SAN FRANCISCO — The “fast and furious” increase in obesity in the United States and a correlative rise in the incidence of gestational diabetes justify aggressive screening of pregnant women for the disorder, Dr. E. Albert Reece said at Perspectives in Women's Health sponsored by OB.GYN. NEWS.
“The numbers are quite staggering,” said Dr. Reece, dean of the school of medicine and vice president of medical affairs at the University of Maryland, Baltimore.
Fifteen years ago, the incidence of gestational diabetes was 1%–3%. Today, it's 4%–8%, he said.
Screening is aimed at reducing the risk of perinatal loss, but it also confers what Dr. Reece termed “fringe benefits,” namely, reducing the risk of fetal macrosomia, operative delivery, birth trauma, and metabolic derangements in the neonate.
Screening raises awareness of the long-term possibility of type II diabetes arising in the mother and, years later, the offspring.
“Diabetes begets diabetes,” said Dr. Reece, who advocates screening every pregnant woman for gestational diabetes at least once during pregnancy.
The tradition of screening at 24–28 weeks' gestation is “entirely arbitrary”—chosen by convention to pick up 85% of cases while there is still time in the pregnancy to intervene.
However, clinicians should be aware that 15% of cases will be missed by screening at that time point.
“If you are very suspicious, due to habitus or history, repeat it at 33–34 weeks,” he advised.
Choosing which test to use can be important, according to Dr. Reece.
Intravenous glucose tolerance testing is nonphysiologic, failing to simulate the normal process of glucose disposal, and therefore useless, he said.
Random blood glucose value testing isn't much better, since it is an insensitive test. “It should be used only when nothing else is available,” he said. “It is better than nothing at all.”
Capillary whole blood glucose testing uses a pinprick to obtain blood that is analyzed by a portable meter. It is convenient and cost-effective, but the meter should be calibrated regularly with results obtained in a hospital laboratory to ensure its accuracy.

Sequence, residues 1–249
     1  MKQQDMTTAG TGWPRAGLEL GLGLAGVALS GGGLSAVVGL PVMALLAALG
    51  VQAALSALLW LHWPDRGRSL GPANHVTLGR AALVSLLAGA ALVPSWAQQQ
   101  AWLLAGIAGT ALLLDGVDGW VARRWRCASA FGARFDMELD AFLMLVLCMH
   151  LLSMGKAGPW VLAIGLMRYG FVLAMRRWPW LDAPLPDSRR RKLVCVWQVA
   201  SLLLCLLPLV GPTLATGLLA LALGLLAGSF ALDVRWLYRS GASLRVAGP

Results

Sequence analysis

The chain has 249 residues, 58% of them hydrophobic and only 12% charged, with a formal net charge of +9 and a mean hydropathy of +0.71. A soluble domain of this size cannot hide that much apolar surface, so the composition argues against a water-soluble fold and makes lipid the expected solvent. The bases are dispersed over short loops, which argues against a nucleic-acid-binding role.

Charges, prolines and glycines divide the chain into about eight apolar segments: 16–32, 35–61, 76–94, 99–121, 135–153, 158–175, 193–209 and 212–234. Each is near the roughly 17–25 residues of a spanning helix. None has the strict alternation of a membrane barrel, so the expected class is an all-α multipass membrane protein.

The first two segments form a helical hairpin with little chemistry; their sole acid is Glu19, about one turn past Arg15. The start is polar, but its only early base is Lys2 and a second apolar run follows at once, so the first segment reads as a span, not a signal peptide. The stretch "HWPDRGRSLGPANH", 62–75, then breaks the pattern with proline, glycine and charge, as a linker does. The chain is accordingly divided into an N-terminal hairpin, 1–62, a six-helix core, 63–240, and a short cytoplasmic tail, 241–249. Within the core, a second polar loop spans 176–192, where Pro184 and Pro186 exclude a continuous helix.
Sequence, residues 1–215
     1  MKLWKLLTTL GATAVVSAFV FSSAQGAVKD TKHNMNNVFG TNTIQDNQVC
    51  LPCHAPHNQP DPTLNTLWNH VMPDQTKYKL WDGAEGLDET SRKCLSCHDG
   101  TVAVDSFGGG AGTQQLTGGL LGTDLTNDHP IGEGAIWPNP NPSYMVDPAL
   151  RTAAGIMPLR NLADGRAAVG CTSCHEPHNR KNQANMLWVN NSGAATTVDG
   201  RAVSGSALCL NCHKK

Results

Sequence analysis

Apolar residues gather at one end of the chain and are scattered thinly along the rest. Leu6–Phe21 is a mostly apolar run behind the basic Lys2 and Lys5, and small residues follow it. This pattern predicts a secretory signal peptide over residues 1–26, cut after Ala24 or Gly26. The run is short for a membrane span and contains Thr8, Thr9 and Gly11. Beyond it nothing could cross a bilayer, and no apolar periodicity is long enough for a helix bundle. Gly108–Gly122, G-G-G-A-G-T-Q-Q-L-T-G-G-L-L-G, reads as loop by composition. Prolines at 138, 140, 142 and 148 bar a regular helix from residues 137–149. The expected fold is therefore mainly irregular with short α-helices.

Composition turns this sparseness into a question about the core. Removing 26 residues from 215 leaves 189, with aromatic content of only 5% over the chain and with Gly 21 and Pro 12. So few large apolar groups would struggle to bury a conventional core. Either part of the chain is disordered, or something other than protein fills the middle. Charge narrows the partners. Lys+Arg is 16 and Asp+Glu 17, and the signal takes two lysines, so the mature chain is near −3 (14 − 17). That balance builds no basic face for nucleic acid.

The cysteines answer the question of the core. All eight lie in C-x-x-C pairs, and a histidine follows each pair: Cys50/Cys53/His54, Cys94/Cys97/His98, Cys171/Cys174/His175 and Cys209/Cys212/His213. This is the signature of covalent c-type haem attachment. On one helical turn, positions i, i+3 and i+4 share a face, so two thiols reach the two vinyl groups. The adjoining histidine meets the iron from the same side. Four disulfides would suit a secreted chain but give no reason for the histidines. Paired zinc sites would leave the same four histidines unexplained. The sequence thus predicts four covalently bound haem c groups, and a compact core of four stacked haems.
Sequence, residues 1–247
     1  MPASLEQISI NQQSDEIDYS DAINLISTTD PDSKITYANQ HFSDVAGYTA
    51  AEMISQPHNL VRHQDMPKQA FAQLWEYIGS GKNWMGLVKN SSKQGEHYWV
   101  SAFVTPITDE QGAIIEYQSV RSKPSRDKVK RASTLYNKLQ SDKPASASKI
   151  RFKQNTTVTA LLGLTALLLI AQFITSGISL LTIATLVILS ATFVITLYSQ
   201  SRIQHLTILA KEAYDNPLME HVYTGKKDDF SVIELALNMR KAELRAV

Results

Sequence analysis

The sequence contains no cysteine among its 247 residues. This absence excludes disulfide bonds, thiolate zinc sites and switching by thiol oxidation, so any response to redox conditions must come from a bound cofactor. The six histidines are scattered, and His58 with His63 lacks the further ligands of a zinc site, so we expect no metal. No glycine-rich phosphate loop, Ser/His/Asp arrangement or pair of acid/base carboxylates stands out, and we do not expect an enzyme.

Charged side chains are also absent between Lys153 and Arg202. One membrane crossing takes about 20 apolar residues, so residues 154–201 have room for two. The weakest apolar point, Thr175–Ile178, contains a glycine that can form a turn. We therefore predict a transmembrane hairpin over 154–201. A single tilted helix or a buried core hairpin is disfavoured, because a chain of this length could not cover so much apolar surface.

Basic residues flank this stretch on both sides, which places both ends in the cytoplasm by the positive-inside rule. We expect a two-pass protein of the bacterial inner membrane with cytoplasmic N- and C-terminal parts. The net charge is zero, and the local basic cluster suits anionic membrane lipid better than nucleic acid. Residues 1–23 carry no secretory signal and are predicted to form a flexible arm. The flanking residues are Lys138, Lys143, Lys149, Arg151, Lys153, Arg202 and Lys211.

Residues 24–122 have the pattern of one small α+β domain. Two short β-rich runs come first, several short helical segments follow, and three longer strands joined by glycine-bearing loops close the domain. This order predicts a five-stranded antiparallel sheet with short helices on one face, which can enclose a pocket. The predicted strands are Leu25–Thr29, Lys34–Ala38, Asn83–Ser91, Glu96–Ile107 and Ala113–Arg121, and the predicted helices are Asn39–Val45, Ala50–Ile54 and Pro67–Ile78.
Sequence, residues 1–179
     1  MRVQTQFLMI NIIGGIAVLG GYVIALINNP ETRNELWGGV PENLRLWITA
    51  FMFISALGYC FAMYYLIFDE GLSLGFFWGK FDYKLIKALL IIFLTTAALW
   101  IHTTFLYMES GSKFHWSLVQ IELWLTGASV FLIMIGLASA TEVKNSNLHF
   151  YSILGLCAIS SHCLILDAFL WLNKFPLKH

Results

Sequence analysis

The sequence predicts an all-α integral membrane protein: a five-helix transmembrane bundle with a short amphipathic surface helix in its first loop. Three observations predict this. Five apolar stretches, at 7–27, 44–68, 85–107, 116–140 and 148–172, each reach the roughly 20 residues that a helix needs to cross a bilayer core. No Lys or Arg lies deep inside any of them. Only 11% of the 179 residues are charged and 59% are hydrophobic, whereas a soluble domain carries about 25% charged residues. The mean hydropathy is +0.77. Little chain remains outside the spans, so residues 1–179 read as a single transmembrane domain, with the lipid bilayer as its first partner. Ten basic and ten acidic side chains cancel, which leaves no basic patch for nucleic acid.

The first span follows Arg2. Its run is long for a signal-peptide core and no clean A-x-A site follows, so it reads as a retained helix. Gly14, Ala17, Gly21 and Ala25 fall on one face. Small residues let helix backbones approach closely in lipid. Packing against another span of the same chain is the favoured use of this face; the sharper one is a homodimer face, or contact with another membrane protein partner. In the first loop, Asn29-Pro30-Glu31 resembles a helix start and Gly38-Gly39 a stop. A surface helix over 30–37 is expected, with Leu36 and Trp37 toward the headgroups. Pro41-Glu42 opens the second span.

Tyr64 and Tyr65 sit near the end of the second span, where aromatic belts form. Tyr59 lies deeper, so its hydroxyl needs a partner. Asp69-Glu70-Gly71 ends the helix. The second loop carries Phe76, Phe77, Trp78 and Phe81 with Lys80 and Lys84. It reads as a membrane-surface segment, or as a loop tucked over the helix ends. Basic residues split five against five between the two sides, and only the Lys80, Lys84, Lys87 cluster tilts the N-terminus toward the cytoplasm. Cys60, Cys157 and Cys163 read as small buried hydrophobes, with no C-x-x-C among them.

Most common, of course, are fasting oral glucose tolerance tests.
These tests are most accurate when the pancreas is adequately primed prior to a 3-hour glucose tolerance test. This cannot always be ensured when people skip meals or follow unusual diets, said Dr. Reece.
That's why he advises patients to eat two to three slices of bread with each meal for 3 days before the test, which involves drinking a glucose solution and having blood drawn 1 hour later.
Nicotine, caffeine, many drugs, bed rest, and exertion may also interfere with test results.
If a patient vomits Glucola, the standard glucose solution used in fasting oral glucose tolerance testing, a culinary glucose polymer, Polycose, can be used instead, said Dr. Reece.
Even more palatable for some women is the jelly bean test, standardized by Boyd and associates and found to be “incredibly consistent” with Glucola in terms of sensitivity and specificity, and positive predictive value.
However, that accuracy is ensured only if one uses the exact protocol described by Boyd or one later tested by Lamar and colleagues: 18 or 26 Brach's jelly beans, with blood drawn 1, 2, and 3 hours later (Am. J. Obstet. Gynecol. 1995;173:1889–92 and Am. J. Obstet. Gynecol. 1999;181[5 pt. 1]:1154–7).
Two relatively new methods—glycohemoglobin A1 and a fructosamine-based test—are too insensitive to be used in screening for gestational diabetes, Dr. Reece said.
A breakfast tolerance test involving a specific 600-kcal meal before the blood draw achieves a sensitivity of 75% and specificity of 95% if a 120-mg/dL value is used, and a sensitivity of 96% and specificity of 74% if a threshold is set at 100 mg/dL. It's acceptable, but “cumbersome” to adjust the thresholds, he said.
“I've never used it.”
A diagnosis of gestational diabetes is generally reserved for patients who have at least two abnormal oral glucose tolerance tests. Research suggests, however, that potential adverse pregnancy outcomes can occur with just one abnormal result, reflecting impaired glucose metabolism.
Dr. Reece believes one abnormal test warrants at least dietary therapy and retesting, while two abnormal tests during pregnancy may require more aggressive interventions, including oral glucose therapy and possibly insulin.